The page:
At $19,998 for a brand-new 2013 Dodge Grand Caravan, it's easy to see why Chrysler is the dominant player in the minivan market.
In October, Chrysler delivered more than 3,300 units of the Grand Caravan in Canada, three times more than the Chevrolet Orlando, its nearest competitor. The Toyota Sienna and Honda Odyssey, with 842 and 784 units respectively, were a distant fourth and fifth for the month.
It's easy to get to the top - give buyers the best value in a minivan. With savings of more than $9,000 on the list price, the Grand Caravan easily makes the short list of vehicles to look at.
I tested one of the $19,998 models, known as the Dodge Grand Caravan Canada Value Package (CVP).
The minivan market is in decline. Chrysler sold more than 63,500 Grand Caravans in Canada in 2004. Despite incentives, last year, it only managed to move a little over 53,400. Some models have been discontinued, such as the Ford Freestar in 2007 and Chevrolet Uplan-der in 2009. Many have been reborn as crossovers - vehicles with SUV styling but a seven-or nine-passenger capability.
But the boxy minivan market has endured because it's still the most practical shape for people and cargo. A low price doesn't hurt, either.
Let's start with what $19,998 buys: A four-door minivan with a V-6 engine, six-speed automatic transmission, air conditioning, power door locks with keyless remote, power windows, traction control, antilock brakes, tire-pressure monitoring system, engine block heater and a stow-and-go third-row rear seat. Enough options are available to take the Grand Caravan to more than $35,000, if desired.
The most requested item is second-row stow-and-go captain's seats - the CVP comes with a two-passenger bench seat. Stow-and-go, for those not familiar with the term, is seating that folds into the floor of the minivan. It's a marvel of engineering, and the Caravan is the only minivan that has it. With both rows of seats folded, the space behind the front seats can hold 4,072 litres of cargo.
The CVP's second-row seats don't fold, but the area under the floor where the seats would go can be used for hidden cargo. If you can live without the second-row stow-and-go, read on.
The third-row seats fold into the floor easily. If the seats are left up, the area behind them serves as a bin for groceries. The backs of the seats even have a row of hooks for hanging grocery bags. Loose items are trapped in this area and prevented from rolling under the back seats.
The third-row back seat can be split 60/40 and can accommodate adults. Headroom is decent. While the rear quarter windows can be cracked open for ventilation, only the next model up offers power windows that the driver can operate remotely.
The second-row bench seat is tight for two adults. Its truncated length is a result of creating adequate access to the rear seats without any seat-folding. The sliding rear doors are light and easy to use. The rear hatch is relatively light. A power hatch is available on some models.
Most people who buy minivans have more than one child and some carry up to five. A flip-down sunglasses holder has a convex mirror, giving front occupants a clear view of goings-on in the back seats without taking their eyes off the road.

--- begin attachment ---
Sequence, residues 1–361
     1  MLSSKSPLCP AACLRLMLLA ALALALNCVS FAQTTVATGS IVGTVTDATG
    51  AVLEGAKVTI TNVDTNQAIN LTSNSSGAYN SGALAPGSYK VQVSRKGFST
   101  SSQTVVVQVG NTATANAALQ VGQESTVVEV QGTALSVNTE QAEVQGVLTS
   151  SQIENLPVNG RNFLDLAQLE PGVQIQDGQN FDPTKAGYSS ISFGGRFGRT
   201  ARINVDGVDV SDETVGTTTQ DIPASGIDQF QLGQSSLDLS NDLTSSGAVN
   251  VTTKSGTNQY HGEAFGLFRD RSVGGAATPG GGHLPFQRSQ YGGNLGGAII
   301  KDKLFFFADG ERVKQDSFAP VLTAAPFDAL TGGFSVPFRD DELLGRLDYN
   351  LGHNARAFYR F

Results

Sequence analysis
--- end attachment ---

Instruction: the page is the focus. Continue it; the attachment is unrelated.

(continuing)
While more deluxe models come with a handy console between the front seats, the CVP doesn't. This pass-through is actually an advantage for parents, as it makes it easier - and quicker - to get to the back seats.
The dash is quite simple and lacks the electronic eye candy that many vehicles now carry. This is an advantage for some, as there is less confusion and clutter than usual.
Even the radio is a basic unit, with logical push buttons rather than a touch screen with multiple functions. If you want Bluetooth, voice command or other entertainment options, you have to keep piling on the options.
The steering wheel can tilt and telescope, but the seats lack height adjustment. The shifter sticks out of the front dash, freeing up space between the seats. A pull-out cup-holder, storage bin and two power outlets complete the centre stack. My complaint is that the power outlets at the bottom of the stack are a long reach. The Grand Caravan has two glove boxes as well as a little extra storage and another bottle holder on each front door.
The Grand Caravan has a powerplant that's second-to-none, with the new 3.6-litre Pentastar V-6 producing 283 hp and 260 lb.-ft. of torque. When equipped with the optional Tow Package, the Caravan can tow up to 1,633 kg.
On the highway, the Grand Caravan is quiet and relaxed. The six-speed automatic with manual gear selection is unobtrusive and well-mated to the Pentastar.
Obviously, Chrysler wants to outprice the competition with the CVP, and it does so handily, as reflected by sales numbers. The low price is intended to get shoppers in the door. The company is gambling that once shoppers see how basic the CVP really is, they will buy one of the better-equipped (and more expensive) models.
As it sits, the Canada Value Package with the Pen-tastar engine is a compelling reason to shop Chrysler.
THE SPEC SHEET
Type: Minivan, front engine, front-wheel-drive
Engine: 3.6-litre V-6, 283 hp at 6,400 r.p.m., 260 lb.-ft. of torque at 4,400 r.p.m.
Transmission: Six-speed automatic
Dimensions (mm): Length, 5,151; width, 2,248; height, 1,725; wheelbase, 3,078
Curb weight (kg): 2,050
Price (base/as tested): $27,995/$20,098 (includes $1,500 freight and $100 AC tax)
Tires: 225/65 R16 on steel wheels
Fuel type: Regular
Fuel economy (L/100km): 12.2 city/ 7.9 highway
Warranty: Three years/60,000 km new car and roadside assistance, five years/100,000 km powertrain
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